As a new year begins many people view this time as an opportunity for fresh starts; a chance to refocus, to break bad habits and to make changes for the better. A common goal is to improve one’s health and specifically for many it is weight loss. How often, though, do those well intentioned New Year’s resolutions fade within a few weeks, months or even days? Whether it is the busyness of life or failure to get results that leads to a resolution breakdown, there are ways you can set yourself up for success. First, establish a reasonable goal. Second, come up with a plan. Third, utilize available resources and maintain a positive attitude. Although it may sound like simple common sense, the specifics of those steps can make a big difference.
When it comes to setting your goal it is helpful to start small. Instead of one drastic number for the whole year, think about small movements in the scale over a shorter period of time. Not only does this make reaching your goal more attainable, but it is also more beneficial for the long run. Remember you can always set another goal after you achieve your first. Plus, large fast drops often lead to rebound weight gain versus a gradual weight loss of 1-2 lbs. per week which is more ideal for sustained weight management. Really, you don’t even need to have a specific weight loss number in mind, but instead could focus on making healthy food changes or on starting an exercise regimen, not necessarily even at the same time. Think about what is manageable with your current life — do you have the time, money, or other priorities to balance. Finally, it is important for you to have a strong motivation for achieving your goal whether it is health related or just wanting to fit better in your clothes. Be specific if possible; don’t just think “I want to feel better," but instead that you want to have less joint pain or prevent heart disease that runs in your family or be able to do a certain hobby you haven’t been up for doing in a while.
Once you have your goal set it is time to plan how you are actually going to make it happen. Just saying “I am going to eat healthier and exercise more” isn’t going to cut it. What does your current food intake and activity look like? What specific changes are you going to make? Remember the starting small concept from setting your goal — well it applies here too. If you aren’t currently doing any exercise it can be overwhelming to jump into a plan of 1 hour 5 times a week, so start off with shorter maybe even 10-15 minute segments a few times a week and build from there. Another thing to consider is that oftentimes adding in good habits is easier than breaking bad ones so it can be useful to frame your plan around that concept. For instance, focus on adding in more vegetables and eating them first so that you fill up and by default are not eating as many carbohydrates.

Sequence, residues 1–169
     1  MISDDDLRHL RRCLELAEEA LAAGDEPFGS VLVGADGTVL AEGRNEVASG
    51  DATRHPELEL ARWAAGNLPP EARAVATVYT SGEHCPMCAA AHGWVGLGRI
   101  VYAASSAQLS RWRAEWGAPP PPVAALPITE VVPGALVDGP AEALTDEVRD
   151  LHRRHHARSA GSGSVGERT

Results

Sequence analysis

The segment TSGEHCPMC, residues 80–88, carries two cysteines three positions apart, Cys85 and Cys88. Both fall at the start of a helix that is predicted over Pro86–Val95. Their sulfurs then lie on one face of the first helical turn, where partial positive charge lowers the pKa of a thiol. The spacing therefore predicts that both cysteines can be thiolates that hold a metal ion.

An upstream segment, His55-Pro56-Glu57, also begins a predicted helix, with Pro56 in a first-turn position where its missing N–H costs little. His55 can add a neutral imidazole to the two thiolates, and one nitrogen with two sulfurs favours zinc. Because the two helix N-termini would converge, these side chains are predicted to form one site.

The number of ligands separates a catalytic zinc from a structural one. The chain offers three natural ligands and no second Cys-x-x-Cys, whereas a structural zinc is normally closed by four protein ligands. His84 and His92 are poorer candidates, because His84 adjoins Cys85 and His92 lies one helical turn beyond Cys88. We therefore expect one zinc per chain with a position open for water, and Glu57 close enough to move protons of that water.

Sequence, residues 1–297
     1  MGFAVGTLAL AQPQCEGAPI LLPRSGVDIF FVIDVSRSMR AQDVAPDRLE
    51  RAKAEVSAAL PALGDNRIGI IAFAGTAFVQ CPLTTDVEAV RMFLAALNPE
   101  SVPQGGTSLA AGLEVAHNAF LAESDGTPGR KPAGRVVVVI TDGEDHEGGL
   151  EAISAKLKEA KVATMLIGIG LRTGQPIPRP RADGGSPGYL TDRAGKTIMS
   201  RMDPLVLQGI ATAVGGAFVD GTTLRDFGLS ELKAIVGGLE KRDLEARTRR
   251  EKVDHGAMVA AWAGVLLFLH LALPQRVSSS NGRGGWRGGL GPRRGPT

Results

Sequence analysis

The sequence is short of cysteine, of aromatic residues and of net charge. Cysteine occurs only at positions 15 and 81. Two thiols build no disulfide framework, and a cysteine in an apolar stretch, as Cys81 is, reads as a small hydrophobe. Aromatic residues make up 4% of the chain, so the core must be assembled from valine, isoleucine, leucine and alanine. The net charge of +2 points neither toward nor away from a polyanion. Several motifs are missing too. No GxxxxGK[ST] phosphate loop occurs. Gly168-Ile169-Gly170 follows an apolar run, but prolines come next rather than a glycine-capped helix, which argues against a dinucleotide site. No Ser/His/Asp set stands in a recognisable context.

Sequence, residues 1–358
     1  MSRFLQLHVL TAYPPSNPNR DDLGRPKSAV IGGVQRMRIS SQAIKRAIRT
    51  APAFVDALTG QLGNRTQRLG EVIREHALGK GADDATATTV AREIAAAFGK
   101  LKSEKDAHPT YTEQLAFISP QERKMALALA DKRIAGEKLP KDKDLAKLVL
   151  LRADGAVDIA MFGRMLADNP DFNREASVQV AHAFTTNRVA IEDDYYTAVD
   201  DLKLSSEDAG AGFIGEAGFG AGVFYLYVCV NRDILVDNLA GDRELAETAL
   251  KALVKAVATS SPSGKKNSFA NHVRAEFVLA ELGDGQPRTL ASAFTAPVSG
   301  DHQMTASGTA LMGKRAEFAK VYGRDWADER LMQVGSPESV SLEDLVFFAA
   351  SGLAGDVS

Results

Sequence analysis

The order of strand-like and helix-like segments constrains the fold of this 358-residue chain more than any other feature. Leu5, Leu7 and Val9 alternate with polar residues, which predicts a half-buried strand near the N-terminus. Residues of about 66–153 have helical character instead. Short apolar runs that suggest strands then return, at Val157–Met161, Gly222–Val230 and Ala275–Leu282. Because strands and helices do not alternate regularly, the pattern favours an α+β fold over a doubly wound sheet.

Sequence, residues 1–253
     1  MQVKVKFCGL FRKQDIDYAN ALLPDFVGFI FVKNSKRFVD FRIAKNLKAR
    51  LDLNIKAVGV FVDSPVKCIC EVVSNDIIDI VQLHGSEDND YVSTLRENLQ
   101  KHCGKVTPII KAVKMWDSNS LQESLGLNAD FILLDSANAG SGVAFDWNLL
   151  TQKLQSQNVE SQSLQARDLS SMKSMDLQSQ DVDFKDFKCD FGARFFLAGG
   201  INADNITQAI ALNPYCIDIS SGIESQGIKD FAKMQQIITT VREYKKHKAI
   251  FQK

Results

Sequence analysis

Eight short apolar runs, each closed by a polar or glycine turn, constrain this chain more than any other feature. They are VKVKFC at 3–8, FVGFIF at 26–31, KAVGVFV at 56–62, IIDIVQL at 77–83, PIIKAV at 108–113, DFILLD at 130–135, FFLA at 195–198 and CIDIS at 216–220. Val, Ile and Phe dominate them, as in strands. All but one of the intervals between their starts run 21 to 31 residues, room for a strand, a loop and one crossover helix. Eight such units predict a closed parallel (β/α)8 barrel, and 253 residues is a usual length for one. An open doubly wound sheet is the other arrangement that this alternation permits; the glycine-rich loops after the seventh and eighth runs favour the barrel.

The best way to lose weight and keep it off is to make lifelong changes to improve your overall health, not just go on a 30 day diet or join an 8 week exercise plan and then revert back to the same behaviors as before. It is about developing healthy habits that you can continue. You can use more extreme changes to kick-start weight loss but the foundational lifestyle adjustments need to be made to sustain it long term. That means eating mostly whole food meals with a well balanced nutritional profile; emphasizing vegetables and healthy fats, eating small portions of lean meats and whole grains, and limiting processed foods. It means picking a type of exercise you actually enjoy doing to start and experimenting with different activities to get a balance of cardio, strength and flexibility in your routine.
Finally, it is critical to maximize available resources. See your doctor to make sure you have a clean bill of health — double check that there are no medical contraindications to any plan you have formulated as well as to address conditions such as thyroid disease or mood issues that can interfere with your success. Make use of your smart phone to set reminder alarms or download one of the various fitness apps to guide and track your progress. Talk to you family and friends for support and even better find a fitness partner to make changes with you. Lastly, consult a reliable source such as a naturopathic doctor or certified nutritionist for specific nutrition and natural supplements recommendations
Happy New Year!
Dr. Jennalyn McBride is a Naturopathic Doctor at Northwest Center for Optimal Health in Marysville, WA. Contact her at 360-651-9355 or firstname.lastname@example.org.
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